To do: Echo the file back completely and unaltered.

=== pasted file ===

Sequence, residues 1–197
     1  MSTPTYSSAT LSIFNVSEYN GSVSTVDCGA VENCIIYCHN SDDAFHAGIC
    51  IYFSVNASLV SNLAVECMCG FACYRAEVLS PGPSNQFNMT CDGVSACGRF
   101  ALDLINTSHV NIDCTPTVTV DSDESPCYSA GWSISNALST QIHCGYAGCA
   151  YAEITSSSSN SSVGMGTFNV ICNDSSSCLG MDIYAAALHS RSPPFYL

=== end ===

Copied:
Sequence, residues 1–197
     1  MSTPTYSSAT LSIFNVSEYN GSVSTVDCGA VENCIIYCHN SDDAFHAGIC
    51  IYFSVNASLV SNLAVECMCG FACYRAEVLS PGPSNQFNMT CDGVSACGRF
   101  ALDLINTSHV NIDCTPTVTV DSDESPCYSA GWSISNALST QIHCGYAGCA
   151  YAEITSSSSN SSVGMGTFNV ICNDSSSCLG MDIYAAALHS RSPPFYL